But later implies Jesus exercises all "God Omis" being equal to the Father in His Throne:

    Matthew 28:18 And Jesus came and spake unto them, saying, All power is given unto me in heaven and in earth.

    Revelation 5:12 Saying with a loud voice, Worthy is the Lamb that was slain to receive power, and riches, and wisdom, and strength, and honour, and glory, and blessing.

  6. #6
    Banned
    Join Date
    Jan 2014
    Faith
    Christian
    Posts
    1,334
    Amen (Given)
    0
    Amen (Received)
    3
    Stephen J. Wellum: In regard to omniscience, biblical authors, including Jesus himself, also affirm that the Son grew in knowledge and that he did not know certain things (Luke 2:52; Mark 13:32). How one reconciles the tension between an affirmation of the omniscience and ignorance of the Son is one of the most difficult areas in christological reflection. It is no doubt tied to the nature of the incarnation - the relation of the Son to the Father in the state of humiliation as the Son obediently does and knows all that the Father allows him for the purpose of our redemption (John 5:18-47), as well as the Son's relation to the Spirit. For our purposes, it is crucial to note that one cannot do justice to the Scripture's presentation of Christ without acknowledging that it teaches simultaneously the growth of Jesus in wisdom and knowledge in his human nature and the omniscience of Jesus as God the Son (The Deity of Christ, Ed. Christopher W. Morgan, Robert A. Peterson, page 141).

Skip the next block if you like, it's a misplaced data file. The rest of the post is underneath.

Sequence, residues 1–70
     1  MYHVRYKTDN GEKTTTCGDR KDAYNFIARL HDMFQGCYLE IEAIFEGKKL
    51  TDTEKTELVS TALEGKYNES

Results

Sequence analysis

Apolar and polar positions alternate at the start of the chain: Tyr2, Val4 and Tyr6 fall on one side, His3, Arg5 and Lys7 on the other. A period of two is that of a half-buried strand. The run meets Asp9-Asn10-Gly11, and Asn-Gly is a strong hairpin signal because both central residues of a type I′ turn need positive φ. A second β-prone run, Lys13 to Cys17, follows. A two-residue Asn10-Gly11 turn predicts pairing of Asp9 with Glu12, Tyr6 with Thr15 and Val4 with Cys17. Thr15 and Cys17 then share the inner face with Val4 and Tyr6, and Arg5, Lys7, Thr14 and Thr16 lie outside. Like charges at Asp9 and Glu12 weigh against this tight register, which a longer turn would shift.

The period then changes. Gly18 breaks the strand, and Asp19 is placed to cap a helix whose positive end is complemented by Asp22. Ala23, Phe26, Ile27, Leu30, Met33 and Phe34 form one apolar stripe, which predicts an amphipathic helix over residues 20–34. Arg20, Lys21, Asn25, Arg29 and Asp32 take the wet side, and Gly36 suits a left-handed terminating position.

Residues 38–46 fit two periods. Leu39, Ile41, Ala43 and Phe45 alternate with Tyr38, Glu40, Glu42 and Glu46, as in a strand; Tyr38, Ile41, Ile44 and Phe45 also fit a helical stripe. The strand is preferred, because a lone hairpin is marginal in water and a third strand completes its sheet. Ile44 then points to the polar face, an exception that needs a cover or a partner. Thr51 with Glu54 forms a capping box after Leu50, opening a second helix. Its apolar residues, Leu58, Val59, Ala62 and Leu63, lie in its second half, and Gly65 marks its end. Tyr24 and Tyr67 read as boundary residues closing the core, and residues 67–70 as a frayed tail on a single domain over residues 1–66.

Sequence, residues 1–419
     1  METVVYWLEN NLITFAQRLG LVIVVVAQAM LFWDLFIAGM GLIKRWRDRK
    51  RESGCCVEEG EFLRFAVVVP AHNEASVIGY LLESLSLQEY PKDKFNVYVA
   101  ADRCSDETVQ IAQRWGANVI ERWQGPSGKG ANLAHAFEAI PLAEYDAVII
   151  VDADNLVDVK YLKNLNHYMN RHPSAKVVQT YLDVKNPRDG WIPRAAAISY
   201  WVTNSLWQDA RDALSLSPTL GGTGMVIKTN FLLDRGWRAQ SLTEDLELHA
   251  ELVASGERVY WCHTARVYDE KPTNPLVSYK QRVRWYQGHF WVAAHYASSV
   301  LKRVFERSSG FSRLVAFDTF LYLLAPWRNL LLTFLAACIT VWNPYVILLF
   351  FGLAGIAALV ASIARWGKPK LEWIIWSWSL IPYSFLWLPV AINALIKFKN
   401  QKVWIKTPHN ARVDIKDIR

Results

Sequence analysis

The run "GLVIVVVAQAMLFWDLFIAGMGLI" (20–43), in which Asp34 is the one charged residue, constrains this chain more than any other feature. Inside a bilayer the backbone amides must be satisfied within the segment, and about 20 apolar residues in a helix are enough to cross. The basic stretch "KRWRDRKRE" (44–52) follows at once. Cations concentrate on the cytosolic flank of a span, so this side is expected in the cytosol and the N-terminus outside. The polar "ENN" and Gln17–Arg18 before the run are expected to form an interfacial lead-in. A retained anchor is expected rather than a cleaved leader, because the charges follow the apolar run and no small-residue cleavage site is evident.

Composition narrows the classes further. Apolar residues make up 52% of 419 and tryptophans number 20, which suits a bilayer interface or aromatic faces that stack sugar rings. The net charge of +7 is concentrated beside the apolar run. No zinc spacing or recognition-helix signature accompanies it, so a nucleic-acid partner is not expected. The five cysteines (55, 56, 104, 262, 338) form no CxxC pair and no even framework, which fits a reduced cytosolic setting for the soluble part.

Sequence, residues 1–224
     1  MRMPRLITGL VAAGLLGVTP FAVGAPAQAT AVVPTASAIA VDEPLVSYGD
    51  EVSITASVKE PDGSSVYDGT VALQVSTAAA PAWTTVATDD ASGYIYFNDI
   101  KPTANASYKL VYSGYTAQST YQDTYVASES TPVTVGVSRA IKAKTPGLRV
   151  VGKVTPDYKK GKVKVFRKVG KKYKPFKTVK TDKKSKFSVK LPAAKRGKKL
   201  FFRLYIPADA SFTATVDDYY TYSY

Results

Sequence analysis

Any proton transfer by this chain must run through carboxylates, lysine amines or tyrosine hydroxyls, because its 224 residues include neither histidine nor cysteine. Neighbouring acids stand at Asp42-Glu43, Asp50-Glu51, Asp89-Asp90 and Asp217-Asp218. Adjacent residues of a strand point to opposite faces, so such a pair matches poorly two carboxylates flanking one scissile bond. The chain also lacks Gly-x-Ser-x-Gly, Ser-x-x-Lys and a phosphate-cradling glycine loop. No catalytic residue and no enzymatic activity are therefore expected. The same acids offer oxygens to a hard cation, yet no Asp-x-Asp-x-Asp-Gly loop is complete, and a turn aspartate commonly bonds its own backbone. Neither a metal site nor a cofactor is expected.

You cited Matthew 24:36 and wrote "is not" (present tense). The Bible is crystal clear that RIGHT NOW Christ is omniscient. No one will ever fully (or even come to close) to understanding the goings on concerning the Incarnation. This is why it is best to stick with the passages concerning Christ's knowledge after His Ascension.